Last week my interest in the issue was resparked. I had a discussion about Scrum with the students in the e-business class that I lecture. It was really inspiring to see the eager contributions (not always the case, I must admit...) and the students' experience and opinions about Scrum. Nevertheless, I also felt that compared to when discussing agile principles with my colleagues (not all grumpy and old, but you get the idea...), we were missing some common ground and viewpoints that are useful having as a background when consciously deciding to work in an agile fashion on a project. Thus I wonder if those never exposed to such documentation-heavy methods miss out on something, even if we all agree agile methods are "better"?
I find it a bit hard to pinpoint and be specific about the relatively vague feeling/postulate. I’ll try with two, maybe relatively random, examples: If you have grown up with carefully designing an architecture before starting to code, you’ll know which parts to include in the “vertical part" of a broad prototype/first-sprint-end-version. Or, if you have experienced the often large gaps in understanding of a formal specification, you can use that knowledge to document just the right stuff in your user stories - knowing when to formalize to clarify. That kind of knowledge, in my opinion, goes beyond just being "experience" - it is also tied to the more documentation-heavy approaches and how to work with the shortcomings of those.
It is also my opinion that, at this point in time, the vendor side of most projects is often more keen on working with agile methods than the customer side. In that regard I also think the grumpy old fellows have an easier time, knowing how to smooth things a bit out by providing the linkage between structured reporting and the measurement of progress in terms of pure increments of working code.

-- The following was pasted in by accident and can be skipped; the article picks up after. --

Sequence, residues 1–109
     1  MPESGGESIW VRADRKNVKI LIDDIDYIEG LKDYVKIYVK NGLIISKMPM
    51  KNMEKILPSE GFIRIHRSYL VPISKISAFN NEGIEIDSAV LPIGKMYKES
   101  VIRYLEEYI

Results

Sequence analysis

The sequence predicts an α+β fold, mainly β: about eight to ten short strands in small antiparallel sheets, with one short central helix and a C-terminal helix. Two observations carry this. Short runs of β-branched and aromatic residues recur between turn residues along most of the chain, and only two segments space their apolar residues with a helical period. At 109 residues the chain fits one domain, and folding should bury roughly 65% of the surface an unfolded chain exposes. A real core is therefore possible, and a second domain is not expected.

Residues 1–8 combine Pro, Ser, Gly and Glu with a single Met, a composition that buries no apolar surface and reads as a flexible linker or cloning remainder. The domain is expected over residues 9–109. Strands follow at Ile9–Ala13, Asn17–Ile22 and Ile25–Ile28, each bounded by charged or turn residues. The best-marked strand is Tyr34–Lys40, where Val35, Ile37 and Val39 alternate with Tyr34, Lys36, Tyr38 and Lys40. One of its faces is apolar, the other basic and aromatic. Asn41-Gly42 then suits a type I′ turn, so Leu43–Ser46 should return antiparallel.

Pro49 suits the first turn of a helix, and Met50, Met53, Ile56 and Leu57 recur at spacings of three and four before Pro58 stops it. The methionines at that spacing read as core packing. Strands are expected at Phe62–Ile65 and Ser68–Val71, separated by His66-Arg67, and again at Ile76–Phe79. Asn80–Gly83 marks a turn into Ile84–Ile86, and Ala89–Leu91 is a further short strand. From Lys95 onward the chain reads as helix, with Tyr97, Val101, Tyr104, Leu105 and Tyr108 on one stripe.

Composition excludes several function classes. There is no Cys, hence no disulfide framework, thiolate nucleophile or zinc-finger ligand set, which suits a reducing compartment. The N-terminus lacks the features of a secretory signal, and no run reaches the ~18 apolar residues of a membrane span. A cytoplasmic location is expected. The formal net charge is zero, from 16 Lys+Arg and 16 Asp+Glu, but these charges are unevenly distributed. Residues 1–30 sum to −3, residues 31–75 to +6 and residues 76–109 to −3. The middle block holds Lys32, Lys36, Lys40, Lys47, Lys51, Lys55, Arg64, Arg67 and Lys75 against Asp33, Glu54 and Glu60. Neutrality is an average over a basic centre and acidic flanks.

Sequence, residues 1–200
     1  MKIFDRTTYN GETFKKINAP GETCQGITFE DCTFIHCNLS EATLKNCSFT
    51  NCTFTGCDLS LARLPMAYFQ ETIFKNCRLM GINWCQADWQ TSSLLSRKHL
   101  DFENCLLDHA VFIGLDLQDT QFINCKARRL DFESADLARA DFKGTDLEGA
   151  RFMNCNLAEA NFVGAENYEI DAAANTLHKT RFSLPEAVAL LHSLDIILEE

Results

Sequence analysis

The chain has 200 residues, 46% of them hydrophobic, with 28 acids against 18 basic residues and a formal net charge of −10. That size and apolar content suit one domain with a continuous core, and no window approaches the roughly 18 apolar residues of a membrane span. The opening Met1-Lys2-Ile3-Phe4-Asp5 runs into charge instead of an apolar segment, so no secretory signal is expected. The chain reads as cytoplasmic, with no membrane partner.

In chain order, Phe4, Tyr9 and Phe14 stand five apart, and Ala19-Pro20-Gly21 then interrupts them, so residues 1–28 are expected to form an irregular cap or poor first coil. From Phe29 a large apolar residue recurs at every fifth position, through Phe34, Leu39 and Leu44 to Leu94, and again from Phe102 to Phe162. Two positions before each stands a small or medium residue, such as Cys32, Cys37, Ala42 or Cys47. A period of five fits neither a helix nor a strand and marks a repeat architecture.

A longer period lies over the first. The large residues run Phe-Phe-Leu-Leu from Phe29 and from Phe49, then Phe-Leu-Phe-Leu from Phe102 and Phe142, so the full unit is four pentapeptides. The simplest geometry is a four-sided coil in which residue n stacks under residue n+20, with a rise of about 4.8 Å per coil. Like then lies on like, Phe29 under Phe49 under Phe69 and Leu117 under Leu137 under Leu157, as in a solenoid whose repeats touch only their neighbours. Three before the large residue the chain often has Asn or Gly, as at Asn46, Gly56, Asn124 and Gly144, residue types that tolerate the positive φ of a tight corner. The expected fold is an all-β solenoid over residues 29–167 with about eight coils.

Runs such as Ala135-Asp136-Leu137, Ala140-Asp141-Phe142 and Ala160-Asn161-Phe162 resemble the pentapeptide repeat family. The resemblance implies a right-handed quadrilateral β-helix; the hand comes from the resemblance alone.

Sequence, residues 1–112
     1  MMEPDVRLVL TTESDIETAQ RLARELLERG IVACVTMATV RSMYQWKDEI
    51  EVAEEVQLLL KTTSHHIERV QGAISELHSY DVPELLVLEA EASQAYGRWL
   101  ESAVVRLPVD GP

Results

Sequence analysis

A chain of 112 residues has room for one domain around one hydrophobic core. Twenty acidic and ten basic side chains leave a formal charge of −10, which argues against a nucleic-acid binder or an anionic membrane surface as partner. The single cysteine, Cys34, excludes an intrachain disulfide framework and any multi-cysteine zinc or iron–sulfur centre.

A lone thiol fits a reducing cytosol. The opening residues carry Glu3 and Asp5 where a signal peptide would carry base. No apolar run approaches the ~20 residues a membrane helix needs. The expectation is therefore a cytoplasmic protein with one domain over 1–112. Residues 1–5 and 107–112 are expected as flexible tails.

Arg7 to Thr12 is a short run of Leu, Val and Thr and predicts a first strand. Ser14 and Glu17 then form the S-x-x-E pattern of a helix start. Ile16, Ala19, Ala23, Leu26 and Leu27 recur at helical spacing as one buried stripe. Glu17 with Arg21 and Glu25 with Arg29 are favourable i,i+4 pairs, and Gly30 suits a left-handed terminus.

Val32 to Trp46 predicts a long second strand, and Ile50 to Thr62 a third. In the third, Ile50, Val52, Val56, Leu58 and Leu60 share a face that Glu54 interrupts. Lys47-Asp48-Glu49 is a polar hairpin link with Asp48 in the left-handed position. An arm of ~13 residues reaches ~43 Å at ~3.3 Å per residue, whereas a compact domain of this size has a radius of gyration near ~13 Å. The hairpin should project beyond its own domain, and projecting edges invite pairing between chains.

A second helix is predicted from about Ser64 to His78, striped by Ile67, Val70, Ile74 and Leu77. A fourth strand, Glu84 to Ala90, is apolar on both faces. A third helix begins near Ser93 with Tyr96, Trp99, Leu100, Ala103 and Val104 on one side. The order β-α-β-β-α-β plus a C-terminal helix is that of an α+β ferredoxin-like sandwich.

My preliminary conclusion is that currently it is certainly no disadvantage to have been exposed to more classical project management and software development methods before moving to agile. Rather the contrary. But, I also have a positive outlook towards more and more buyers of software projects specifically wanting to work using agile methods. When that happens I might end up just grumpy with no advantages of it at all. Well, I guess I can resort to thinking about how much better things were in "the good old days" (well, not really - but "If you take away make-believe from the average man, you take away his happiness as well").
 - It is my strong opinion that the first deliverable should as broad as possible in terms of functionality, but as indicated in the above paragraph I think it also makes sense to select some narrow (and often tricky) parts of the solution for a full vertical proof-of-concept as early as possible. Selecting these is often more an art than a science, and my little fear is that this skill is not as well nurtured for the "born agile" colleagues that are currently graduating.
But I might be wrong and just "not getting it", because of my somewhat old-fashioned mindset... I also wonder if it is wise or misled to use sprint N for "architecture of X" or "design of X" and sprint N+1 for "implementing X"- isn't this just waterfall in disguise? That was a sidetrack (in a footnote!); maybe a post on that later.
 - Of course, being born in the late seventies, I don't know the really good old days, when everything actually was better. Or so I've heard.